Hypokalemic periodic paralysis (hypoPP) can be a primary condition or a symptom of an overarching syndrome or disease (see Differential Diagnosis). This GeneReview focuses on primary hypoPP resulting from a genetic ion channel abnormality.

Suggestive Findings

HypoPP should be suspected in individuals who describe episodic paralytic attacks with the following symptoms and signs (Note: Strictly speaking, "periodic" is a misnomer, as the attacks do not occur at regular intervals; "episodic" is a better descriptor.):

  • Decreased muscle tone (flaccidity)
  • Bilateral, symmetric, ascending (lower limbs affected before upper limbs) paralysis that is more marked in proximal than in distal muscles with sparing of the cranial muscles
  • Deep tendon reflexes that are normal or decreased and plantar reflexes that are normal (downward movement of toes)
  • Concomitant hypokalemia that is usually pronounced (0.9-3.5 mmol/L)

The typical evolution of symptoms is as follows:

  • Rapid installation (over minutes or over hours)
  • Duration of several minutes to several days
  • Spontaneous recovery

Symptoms tend to occur under the following circumstances:

  • At rest after strong physical exertion
  • With fever
  • At times of mental stress
  • On awakening after a carbohydrate-rich meal the previous evening
  • After prolonged immobility (e.g., with long-distance travel)

Suspicion for hypoPP is also raised in individuals who have

  • A familial history of paralytic attack in earlier generations (father or mother, grandfather or grandmother) and in sibs;
  • A personal history of previous spontaneously regressive episodes of paralysis or acute muscle weakness with the above-mentioned characteristics;
  • Long-lasting flaccid weakness, especially if the weakness is only moderate and is prevalent in the family.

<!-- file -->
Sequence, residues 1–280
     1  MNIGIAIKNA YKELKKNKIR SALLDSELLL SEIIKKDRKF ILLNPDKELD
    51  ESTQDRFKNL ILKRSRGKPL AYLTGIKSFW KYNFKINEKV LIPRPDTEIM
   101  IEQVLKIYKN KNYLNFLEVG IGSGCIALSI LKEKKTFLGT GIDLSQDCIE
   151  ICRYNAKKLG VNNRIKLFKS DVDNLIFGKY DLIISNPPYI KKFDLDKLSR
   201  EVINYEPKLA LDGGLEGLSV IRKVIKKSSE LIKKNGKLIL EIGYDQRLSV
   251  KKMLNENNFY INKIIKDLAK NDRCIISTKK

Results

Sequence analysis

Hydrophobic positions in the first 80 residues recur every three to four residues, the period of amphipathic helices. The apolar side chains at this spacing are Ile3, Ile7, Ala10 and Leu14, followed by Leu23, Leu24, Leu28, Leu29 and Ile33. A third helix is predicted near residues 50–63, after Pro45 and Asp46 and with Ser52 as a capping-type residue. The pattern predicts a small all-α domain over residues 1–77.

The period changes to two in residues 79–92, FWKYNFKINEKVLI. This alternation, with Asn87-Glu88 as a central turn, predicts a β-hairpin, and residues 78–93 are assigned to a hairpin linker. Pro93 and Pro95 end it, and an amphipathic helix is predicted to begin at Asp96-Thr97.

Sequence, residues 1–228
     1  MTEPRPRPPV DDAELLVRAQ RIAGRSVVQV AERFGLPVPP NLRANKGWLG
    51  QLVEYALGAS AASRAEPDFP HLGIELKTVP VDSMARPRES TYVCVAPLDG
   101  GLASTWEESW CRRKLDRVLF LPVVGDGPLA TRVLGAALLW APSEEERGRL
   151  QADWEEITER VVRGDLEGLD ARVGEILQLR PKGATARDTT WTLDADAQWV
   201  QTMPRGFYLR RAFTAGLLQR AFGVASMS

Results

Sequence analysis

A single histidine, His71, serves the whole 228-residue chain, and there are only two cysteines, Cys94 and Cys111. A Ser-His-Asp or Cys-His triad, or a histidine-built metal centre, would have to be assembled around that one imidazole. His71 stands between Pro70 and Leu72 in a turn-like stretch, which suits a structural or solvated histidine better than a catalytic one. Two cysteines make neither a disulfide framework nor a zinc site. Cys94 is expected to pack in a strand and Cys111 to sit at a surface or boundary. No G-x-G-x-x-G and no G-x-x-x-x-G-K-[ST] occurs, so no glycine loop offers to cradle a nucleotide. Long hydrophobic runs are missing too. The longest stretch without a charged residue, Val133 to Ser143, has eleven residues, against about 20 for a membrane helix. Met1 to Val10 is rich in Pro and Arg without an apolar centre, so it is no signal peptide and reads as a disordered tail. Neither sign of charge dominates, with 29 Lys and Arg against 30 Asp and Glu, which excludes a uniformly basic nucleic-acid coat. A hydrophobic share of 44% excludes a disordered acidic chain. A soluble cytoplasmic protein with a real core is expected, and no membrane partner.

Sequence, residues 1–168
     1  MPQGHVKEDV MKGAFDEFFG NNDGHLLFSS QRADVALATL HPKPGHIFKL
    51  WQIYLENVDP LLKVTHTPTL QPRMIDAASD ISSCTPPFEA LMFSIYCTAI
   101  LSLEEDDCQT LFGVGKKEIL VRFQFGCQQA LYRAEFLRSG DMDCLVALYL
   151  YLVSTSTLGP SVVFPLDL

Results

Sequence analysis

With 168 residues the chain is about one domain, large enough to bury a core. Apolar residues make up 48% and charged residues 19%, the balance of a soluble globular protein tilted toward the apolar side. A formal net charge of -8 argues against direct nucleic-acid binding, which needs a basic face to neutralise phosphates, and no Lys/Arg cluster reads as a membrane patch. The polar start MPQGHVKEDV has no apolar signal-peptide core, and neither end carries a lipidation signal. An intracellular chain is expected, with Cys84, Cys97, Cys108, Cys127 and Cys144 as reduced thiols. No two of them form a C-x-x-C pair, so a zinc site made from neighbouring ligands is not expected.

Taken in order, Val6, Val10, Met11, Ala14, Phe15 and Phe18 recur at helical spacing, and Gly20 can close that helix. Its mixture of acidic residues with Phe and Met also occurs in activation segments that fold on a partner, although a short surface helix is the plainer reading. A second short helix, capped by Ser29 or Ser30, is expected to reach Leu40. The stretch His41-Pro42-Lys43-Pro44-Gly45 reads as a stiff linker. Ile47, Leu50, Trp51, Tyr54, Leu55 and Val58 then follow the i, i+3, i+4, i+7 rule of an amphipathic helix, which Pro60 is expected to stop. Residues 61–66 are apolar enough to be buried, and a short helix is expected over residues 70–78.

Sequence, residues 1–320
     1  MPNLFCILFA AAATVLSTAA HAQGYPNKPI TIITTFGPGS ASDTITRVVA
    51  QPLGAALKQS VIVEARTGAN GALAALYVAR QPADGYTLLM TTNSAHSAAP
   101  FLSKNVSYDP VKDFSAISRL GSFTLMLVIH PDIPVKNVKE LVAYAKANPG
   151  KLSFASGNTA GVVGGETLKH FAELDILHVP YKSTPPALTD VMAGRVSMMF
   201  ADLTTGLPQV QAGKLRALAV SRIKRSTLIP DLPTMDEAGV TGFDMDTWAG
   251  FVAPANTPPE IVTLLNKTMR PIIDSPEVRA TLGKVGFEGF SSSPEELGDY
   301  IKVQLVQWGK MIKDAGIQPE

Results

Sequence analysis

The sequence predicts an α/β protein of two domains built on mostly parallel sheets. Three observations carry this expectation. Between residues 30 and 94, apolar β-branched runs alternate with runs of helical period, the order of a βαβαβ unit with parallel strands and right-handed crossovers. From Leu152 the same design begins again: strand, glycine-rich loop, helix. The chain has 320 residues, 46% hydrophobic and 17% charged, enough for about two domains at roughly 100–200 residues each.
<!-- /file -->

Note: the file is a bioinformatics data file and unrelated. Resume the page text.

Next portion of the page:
Establishing the Diagnosis

The diagnosis of hypoPP is established in a proband who meets the consensus diagnostic criteria for primary hypokalemic periodic paralysis as published in a Cochrane review [Sansone et al 2008] and/or with the identification of a heterozygous pathogenic variant in one of the genes listed in Table 1.

Consensus diagnostic criteria

  • Two or more attacks of muscle weakness with documented serum potassium <3.5 mEq/L
    OR
  • One attack of muscle weakness in the proband and one attack of weakness in one relative with documented serum potassium <3.5 mEq/L
    OR
  • Three or more of the following six clinical/laboratory features:
    • Onset in the first or second decade
    • Duration of attack (muscle weakness involving ≥1 limbs) longer than two hours
    • The presence of triggers (previous carbohydrate rich meal, symptom onset during rest after exercise, stress)
    • Improvement in symptoms with potassium intake
    • A family history of the condition or genetically confirmed skeletal calcium or sodium channel mutation
    • Positive long exercise test (see Clinical Testing Available; pdf)
    AND
  • Exclusion of other causes of hypokalemia (renal, adrenal, thyroid dysfunction; renal tubular acidosis; diuretic and laxative abuse)

In individuals who have had one or more paralytic episodes, several tests can be used to differentiate between primary hypoPP and the other possible causes.